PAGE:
Michigan governor to be deposed in Detroit bankruptcy case
DETROIT, Sept 10
DETROIT, Sept 10 (Reuters) - After a testy exchange between the judge presiding over Detroit's bankruptcy and a Michigan official, attorneys for the state agreed on Tuesday to drop a challenge to a request by creditors' lawyers to depose Governor Rick Snyder on the city's eligibility for bankruptcy.
Citing executive privilege, the office of the state attorney general had filed a motion late Monday arguing Snyder should not be deposed. Creditors' attorneys had said they wanted the governor's deposition to determine his motivation in approving a request in mid-July from Detroit's state-appointed emergency manager, Kevyn Orr, to take the city into Chapter 9 bankruptcy.
If Detroit's bankruptcy goes ahead, it will be the largest municipal bankruptcy in U.S. history. The city owes some $18.5 billion in long-term debt, and public sector unions have challenged the bankruptcy filing on grounds that it violates protections for worker pensions and benefits enshrined in Michigan's constitution.
Some unions have also argued in filings that Snyder and Orr arranged the bankruptcy filing specifically to target worker pay and benefits.
Clearly annoyed, U.S. bankruptcy Judge Steven Rhodes took issue with the lateness of the filing on Monday and said he had half a mind to waive the Tuesday hearing.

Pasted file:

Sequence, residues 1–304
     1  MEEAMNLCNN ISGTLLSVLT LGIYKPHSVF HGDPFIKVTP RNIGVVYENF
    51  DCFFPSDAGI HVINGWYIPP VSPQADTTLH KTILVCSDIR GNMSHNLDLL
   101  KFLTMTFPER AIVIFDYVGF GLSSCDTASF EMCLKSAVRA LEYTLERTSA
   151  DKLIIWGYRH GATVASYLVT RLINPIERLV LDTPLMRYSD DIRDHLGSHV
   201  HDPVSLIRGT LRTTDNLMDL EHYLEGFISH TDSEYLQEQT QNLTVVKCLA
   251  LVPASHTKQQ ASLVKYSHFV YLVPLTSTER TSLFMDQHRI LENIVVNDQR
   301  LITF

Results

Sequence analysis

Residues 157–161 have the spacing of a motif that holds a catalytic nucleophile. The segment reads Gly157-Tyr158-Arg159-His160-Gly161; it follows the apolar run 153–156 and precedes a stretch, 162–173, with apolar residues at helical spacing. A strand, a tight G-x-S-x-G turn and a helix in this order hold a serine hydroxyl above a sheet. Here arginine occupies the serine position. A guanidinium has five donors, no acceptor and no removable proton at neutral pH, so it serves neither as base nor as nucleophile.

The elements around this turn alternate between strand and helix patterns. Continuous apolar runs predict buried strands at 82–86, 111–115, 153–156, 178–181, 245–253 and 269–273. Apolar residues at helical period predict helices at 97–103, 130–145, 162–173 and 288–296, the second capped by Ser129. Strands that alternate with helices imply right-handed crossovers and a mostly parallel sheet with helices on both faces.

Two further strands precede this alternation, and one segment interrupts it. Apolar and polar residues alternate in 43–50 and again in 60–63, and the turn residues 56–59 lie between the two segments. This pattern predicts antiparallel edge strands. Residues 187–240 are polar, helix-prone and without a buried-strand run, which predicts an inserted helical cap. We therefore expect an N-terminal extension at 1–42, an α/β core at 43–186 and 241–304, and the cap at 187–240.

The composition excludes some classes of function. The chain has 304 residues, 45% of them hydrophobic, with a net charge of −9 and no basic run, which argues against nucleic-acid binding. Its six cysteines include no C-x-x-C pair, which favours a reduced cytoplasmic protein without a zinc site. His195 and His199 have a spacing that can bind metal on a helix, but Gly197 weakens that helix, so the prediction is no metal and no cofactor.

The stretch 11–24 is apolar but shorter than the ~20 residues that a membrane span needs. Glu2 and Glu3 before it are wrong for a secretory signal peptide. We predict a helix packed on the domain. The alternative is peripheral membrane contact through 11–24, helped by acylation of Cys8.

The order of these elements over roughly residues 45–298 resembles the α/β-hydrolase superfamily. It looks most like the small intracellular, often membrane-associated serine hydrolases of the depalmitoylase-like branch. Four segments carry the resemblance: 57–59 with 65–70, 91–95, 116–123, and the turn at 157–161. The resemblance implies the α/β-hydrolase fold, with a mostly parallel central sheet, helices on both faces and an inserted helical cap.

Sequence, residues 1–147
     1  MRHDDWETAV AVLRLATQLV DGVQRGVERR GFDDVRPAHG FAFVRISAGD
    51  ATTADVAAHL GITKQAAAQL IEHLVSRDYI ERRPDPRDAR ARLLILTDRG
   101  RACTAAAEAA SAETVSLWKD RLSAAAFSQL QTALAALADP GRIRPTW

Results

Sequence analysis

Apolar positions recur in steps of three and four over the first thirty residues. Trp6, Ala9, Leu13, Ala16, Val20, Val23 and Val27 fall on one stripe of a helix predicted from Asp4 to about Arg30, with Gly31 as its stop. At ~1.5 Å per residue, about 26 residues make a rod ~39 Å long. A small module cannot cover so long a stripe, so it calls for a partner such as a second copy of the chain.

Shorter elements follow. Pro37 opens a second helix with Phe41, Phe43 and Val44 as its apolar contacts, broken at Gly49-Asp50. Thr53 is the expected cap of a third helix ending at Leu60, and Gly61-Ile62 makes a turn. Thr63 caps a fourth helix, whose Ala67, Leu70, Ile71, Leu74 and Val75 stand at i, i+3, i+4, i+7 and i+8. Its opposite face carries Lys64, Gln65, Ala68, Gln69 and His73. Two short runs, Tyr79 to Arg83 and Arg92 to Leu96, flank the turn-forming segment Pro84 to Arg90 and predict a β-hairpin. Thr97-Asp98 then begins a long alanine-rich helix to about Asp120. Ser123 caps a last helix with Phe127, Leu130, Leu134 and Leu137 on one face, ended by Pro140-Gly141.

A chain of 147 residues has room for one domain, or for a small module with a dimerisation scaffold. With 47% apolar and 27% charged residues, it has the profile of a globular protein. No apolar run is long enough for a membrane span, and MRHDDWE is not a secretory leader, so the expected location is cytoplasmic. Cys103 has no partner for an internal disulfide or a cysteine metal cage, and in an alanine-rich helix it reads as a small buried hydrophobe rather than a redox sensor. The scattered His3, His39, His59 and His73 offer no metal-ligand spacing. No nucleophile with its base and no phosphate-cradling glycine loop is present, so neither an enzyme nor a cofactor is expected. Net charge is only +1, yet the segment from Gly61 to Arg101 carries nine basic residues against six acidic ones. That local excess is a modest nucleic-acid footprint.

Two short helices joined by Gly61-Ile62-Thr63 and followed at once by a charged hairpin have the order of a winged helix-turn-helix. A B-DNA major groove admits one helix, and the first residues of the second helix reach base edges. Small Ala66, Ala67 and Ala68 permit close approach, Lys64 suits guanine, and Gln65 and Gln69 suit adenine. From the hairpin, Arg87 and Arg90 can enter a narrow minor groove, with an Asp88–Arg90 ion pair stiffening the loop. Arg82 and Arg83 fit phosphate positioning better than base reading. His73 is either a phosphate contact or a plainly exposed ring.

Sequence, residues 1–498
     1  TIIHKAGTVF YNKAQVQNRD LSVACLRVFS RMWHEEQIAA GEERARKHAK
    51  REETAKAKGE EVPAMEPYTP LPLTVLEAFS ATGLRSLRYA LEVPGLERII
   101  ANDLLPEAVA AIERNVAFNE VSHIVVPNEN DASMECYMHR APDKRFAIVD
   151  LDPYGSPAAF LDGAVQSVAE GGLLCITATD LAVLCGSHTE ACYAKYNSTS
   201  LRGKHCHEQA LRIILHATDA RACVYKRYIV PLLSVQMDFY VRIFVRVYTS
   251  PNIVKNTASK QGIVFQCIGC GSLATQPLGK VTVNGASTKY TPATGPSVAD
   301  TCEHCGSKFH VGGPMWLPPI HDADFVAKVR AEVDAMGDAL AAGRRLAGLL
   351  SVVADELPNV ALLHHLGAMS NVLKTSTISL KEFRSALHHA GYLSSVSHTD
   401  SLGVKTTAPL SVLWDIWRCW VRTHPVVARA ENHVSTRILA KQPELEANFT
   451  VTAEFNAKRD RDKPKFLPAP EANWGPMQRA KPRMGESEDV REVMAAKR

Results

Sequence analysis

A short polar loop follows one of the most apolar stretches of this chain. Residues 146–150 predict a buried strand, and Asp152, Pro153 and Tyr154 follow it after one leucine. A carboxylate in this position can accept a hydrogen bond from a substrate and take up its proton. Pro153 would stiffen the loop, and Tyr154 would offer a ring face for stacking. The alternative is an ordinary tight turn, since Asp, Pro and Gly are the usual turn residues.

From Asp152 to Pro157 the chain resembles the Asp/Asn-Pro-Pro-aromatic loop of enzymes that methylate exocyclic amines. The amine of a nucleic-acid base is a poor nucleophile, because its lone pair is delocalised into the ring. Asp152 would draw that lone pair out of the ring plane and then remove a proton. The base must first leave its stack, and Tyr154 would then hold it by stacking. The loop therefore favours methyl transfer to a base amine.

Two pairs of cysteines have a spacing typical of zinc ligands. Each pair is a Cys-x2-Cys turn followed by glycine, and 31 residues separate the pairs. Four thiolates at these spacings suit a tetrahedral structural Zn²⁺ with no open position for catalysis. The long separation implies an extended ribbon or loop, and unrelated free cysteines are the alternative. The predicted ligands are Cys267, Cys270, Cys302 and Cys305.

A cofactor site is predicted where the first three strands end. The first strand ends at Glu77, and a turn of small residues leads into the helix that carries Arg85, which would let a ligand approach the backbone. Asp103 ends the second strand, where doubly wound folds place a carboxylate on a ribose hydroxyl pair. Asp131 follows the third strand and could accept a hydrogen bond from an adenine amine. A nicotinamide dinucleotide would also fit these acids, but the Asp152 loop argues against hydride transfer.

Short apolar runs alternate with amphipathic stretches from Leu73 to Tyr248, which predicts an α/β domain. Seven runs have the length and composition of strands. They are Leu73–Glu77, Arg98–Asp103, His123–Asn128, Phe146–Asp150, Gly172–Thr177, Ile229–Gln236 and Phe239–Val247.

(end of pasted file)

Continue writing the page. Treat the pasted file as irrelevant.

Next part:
Assistant state Attorney General Margaret Nelson, who appeared in court to make the governor's case, argued that the issue of deliberations on Snyder's part were not relevant to the case.
But Judge Rhodes responded that as creditors had objected to the bankruptcy based in part on Snyder's motives, it was too late to cite executive privilege.
"It's hard for me to imagine what you thought they were going to ask the governor in a deposition other than that," the judge said. "That has been clear from the start."
"What else is there to ask him about?"
Attorneys for both sides agreed that Governor Snyder, a Republican, will be deposed for three hours and that creditors' attorneys may also depose Michigan's state treasurer, Andy Dillon.
After the hearing on Tuesday, Sharon Levine of law firm Lowenstein Sandler LLP, counsel for the union American Federation of State, County and Municipal Employees (AFSCME), said the agreement was "a victory for transparency."
"We want to understand the motivation behind the filing," she told reporters outside the courthouse.
Rhodes also delayed until Oct. 15 a hearing to begin oral arguments surrounding legal challenges to the bankruptcy filing. The city's labor unions and other objectors said the process was too swift, so Rhodes tentatively rescheduled the beginning of oral arguments from an original date of Sept 18.
An attorney representing a committee of city retirees said the group would file its formal challenge to Detroit's eligibility for bankruptcy later on Tuesday.
The trial on Detroit's eligibility for bankruptcy will begin on Oct. 23. The city plans to submit a restructuring plan by the end of the year.
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